NEW YORK (Reuters) - Argentina's Guido Pella has slammed the United States Tennis Association (USTA) over Benoit Paire's positive COVID-19 test before the U.S. Open, saying the organisers of the Grand Slam applied health protocols differently in the Frenchman's case.
Tournament organisers refused to divulge the identity of the player but Paire, who was removed from the draw on Sunday, later confirmed on social media that he had tested positive.
French players Adrian Mannarino, Kristina Mladenovic and Edouard Roger-Vasselin were placed under an "enhanced protocol plan" for players who might have been potentially exposed to the virus, allowing them to continue competing in the tournament.
Last month Pella and Bolivia's Hugo Dellien were removed from the Western & Southern Open, played in New York before the U.S. Open, after their fitness trainer tested positive for COVID-19 while they were all within the tournament's controlled environment.
Pella said he and Dellien were "unfairly quarantined" for 14 days.
"... I'm happy for them (French players) to be playing right now, but I want to know why they (USTA) did that with us, didn't give us any information," Pella told reporters after his first-round defeat by Jeffrey Wolf on Tuesday.
"I'm mad at them because of that. Because they changed the rules when Benoit tested positive... I just want some answers, because everyone in my situation would like the same thing.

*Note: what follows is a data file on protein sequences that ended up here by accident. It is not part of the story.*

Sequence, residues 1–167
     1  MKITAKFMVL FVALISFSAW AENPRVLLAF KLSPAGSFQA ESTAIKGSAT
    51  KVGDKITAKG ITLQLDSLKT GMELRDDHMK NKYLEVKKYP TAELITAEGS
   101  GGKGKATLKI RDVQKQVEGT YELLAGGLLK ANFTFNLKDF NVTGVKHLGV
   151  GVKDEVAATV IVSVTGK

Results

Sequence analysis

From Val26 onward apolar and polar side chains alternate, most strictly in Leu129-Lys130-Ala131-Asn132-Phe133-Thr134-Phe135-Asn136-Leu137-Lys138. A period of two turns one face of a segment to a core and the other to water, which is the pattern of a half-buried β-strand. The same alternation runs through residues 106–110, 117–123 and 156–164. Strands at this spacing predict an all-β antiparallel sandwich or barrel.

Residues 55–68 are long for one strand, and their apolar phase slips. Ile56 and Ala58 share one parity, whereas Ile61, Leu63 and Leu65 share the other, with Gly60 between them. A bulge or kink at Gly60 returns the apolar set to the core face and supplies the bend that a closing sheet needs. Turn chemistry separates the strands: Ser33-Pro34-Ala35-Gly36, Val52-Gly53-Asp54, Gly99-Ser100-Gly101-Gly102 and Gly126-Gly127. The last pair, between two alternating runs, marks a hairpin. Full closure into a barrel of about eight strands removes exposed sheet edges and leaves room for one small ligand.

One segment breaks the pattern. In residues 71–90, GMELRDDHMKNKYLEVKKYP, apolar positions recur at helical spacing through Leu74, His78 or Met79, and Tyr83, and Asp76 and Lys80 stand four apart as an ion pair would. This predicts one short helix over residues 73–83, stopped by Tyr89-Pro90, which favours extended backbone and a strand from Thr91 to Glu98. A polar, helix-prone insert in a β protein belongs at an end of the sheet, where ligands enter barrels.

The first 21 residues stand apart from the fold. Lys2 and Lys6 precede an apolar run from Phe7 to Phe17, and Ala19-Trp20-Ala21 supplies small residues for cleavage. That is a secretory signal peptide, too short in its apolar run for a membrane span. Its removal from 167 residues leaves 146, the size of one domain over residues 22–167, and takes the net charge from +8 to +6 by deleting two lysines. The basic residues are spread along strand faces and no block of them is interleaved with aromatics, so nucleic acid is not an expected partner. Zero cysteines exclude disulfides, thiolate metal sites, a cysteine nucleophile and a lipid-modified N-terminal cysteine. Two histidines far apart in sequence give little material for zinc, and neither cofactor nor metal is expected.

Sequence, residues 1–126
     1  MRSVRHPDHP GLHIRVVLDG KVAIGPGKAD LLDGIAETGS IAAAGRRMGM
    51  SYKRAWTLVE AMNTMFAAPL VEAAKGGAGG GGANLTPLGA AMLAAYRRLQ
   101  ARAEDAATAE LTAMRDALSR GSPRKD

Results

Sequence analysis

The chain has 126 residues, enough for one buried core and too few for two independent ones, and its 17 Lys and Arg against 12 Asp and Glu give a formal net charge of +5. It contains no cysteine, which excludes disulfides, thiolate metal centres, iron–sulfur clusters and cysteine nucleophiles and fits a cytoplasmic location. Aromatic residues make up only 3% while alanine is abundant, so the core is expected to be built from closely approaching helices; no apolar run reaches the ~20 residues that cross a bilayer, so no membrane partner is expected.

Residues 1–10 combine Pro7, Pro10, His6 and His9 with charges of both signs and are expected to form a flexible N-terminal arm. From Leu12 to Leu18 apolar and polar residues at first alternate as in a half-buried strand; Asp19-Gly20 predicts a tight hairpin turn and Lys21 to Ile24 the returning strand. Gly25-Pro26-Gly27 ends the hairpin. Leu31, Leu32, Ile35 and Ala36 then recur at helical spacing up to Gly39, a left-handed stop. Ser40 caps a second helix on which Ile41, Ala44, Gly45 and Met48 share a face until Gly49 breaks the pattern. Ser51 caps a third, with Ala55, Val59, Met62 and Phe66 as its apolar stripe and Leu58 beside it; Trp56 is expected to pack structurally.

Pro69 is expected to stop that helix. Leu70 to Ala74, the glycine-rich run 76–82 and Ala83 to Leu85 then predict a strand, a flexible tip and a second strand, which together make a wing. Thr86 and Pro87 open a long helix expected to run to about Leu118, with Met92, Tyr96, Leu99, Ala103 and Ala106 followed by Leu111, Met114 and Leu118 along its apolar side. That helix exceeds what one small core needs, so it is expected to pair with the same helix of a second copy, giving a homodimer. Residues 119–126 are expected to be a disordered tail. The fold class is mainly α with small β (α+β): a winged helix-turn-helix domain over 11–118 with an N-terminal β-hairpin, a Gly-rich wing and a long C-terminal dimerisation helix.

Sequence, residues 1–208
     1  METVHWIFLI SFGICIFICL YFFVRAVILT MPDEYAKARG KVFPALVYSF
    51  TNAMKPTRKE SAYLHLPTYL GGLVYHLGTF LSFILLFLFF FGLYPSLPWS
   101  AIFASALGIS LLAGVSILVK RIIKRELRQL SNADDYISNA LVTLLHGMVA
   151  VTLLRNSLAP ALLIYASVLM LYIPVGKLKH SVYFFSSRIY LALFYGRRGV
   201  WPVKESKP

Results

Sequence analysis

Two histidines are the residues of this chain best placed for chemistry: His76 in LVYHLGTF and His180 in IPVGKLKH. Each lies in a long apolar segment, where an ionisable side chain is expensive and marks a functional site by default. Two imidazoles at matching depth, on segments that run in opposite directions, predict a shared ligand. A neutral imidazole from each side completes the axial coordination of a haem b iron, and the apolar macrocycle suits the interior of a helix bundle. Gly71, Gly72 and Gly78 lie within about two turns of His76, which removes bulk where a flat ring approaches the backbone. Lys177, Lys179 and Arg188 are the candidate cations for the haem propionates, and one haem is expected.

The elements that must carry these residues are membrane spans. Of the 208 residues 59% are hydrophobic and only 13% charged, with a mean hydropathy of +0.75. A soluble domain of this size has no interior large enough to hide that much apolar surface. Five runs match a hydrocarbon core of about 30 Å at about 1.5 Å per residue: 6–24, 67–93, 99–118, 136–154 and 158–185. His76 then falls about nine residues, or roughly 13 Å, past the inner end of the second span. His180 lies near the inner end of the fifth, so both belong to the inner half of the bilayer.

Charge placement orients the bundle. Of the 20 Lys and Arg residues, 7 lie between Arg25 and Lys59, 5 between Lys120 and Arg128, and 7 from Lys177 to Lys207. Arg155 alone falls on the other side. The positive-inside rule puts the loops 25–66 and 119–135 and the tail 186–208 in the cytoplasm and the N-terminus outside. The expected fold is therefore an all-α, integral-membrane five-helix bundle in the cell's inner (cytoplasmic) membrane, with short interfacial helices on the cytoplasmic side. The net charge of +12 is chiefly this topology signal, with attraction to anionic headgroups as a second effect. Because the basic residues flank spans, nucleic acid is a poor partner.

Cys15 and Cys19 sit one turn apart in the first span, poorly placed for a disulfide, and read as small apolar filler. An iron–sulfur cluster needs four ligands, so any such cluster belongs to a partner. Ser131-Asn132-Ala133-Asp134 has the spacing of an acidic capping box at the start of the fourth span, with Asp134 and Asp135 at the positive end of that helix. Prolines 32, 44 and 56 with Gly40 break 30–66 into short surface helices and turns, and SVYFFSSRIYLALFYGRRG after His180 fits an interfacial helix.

"I was in quarantine unfairly for 14 days... and I know for sure that when Paire got his positive test, right away he got a second one. My trainer didn't... for four or five days because they said the New York health department does not do another test if you test positive."
A spokesperson for the USTA told Reuters on Monday that the organisers built the "enhanced protocol plan" in consultation with the New York City Department of Health and Mental Hygiene.
Several players have spoken out against the treatment of Pella and Dellien and Canadian Vasek Pospisil said on Tuesday that it was one of the triggers to launch the PTPA, a new players body, hastily before the U.S. Open.
(Reporting by Shrivathsa Sridhar in Bengaluru; Additional reporting by Sudipto Ganguly in Mumbai, editing by Pritha Sarkar)
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